Syria rebels arrest dozens for collusion with the government
Syrian rebel forces arrested at least 45 people on Sunday in northwestern Syria over suspected collusion with President Bashar al-Assad's government, rebels said.
The newly formed National Liberation Front (NLF), which is backed by Turkey, carried out the wave of detentions in Hama and Idlib provinces, the latter being the last region in the country almost entirely outside government control.
"The National Liberation Front launched a campaign a week ago... that peaked today with the arrest of 45 reconciliation activists and candidates for municipal elections announced by the regime" in the region, a spokesman told AFP on Sunday.
In total, the NLF has arrested 60 people in the ongoing campaign, he added.
The Syrian Observatory for Human Rights said "nearly 50" people had been arrested in areas straddling Hama and Idlib over "attempts to reconcile with regime forces" and to take part in "meetings with its intelligence services".
Turkey had long pressured opposition factions to unite their forces to present a more cohesive challenge to HTS’s aggressive tendencies, Charles Lister wrote on Friday for the War on the Rocks website. Such a force would be easier for Ankara to control and could more effectively deter a Syrian government attack, he added.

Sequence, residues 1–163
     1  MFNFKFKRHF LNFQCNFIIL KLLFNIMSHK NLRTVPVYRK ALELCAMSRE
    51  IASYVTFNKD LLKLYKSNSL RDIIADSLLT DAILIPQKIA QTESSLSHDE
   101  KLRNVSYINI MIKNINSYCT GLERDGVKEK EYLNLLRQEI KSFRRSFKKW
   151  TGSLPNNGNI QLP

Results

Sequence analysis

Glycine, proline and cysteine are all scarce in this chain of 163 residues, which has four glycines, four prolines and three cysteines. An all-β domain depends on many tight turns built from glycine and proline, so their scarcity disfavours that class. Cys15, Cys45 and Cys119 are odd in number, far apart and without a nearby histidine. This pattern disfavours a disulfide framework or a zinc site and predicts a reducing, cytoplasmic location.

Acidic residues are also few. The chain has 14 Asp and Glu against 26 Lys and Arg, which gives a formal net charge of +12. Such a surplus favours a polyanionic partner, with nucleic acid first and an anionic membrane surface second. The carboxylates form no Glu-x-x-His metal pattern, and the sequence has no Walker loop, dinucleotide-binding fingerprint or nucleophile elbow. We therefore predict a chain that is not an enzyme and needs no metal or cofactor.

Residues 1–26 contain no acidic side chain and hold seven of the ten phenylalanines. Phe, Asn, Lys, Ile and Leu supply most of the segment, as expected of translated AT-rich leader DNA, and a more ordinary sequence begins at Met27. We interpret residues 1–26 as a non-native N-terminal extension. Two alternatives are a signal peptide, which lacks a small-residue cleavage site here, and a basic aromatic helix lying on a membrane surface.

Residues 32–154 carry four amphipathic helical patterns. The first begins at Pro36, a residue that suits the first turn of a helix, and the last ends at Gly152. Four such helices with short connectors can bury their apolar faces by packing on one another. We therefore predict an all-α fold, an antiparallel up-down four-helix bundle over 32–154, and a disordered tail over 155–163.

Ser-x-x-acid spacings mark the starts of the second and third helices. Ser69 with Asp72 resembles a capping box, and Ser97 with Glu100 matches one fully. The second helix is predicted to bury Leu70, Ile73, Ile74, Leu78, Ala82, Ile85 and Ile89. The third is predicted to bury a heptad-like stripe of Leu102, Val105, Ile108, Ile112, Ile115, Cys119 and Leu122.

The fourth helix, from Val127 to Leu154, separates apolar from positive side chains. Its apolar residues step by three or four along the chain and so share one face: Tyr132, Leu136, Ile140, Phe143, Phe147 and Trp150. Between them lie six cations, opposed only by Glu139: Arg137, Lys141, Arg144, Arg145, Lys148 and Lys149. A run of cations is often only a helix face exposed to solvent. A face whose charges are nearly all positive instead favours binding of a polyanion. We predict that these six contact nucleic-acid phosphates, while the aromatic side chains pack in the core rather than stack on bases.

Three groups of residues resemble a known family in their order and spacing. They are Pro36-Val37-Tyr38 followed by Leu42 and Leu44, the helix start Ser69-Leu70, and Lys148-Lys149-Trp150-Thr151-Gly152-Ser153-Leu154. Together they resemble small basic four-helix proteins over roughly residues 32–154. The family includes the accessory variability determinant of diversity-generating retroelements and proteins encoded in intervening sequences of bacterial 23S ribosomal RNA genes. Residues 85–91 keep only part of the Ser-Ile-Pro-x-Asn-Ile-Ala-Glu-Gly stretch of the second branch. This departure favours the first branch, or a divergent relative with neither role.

Ahrar al-Sham and Nureddine al-Zinki merged in February with Turkish backing as the Syrian Liberation Front. On 1 August, the Syrian Liberation Front merged with four other rebel groups to form the NLF.
After a series of victories in the country's south, Assad said on 26 July that Idlib was the government's next priority.
Still, Turkey is working with opposition groups to clear al-Qaeda and Islamic State-affiliated groups from Idlib and stave off such a major offensive by Damascus.
Delegates from Turkey, Iran and Russia gathered last week for two days of talks aiming to resolve the situation in northern Syria.
According to a Turkish diplomatic source who has been working on Syria for six years, Ankara is working with other opposition groups in Idlib to eliminate the militants.
About 60 percent of Idlib is controlled by Hayat Tahrir al-Sham (HTS), formerly al-Qaeda's affiliate in Syria.
According to Observatory head Rami Abdel Rahman, Idlib has since "seen an upsurge in security chaos and mutual assassinations between rebel groups".
The war in Syria has killed more than 350,000 people since it began in 2011 with a brutal government crackdown on protesters.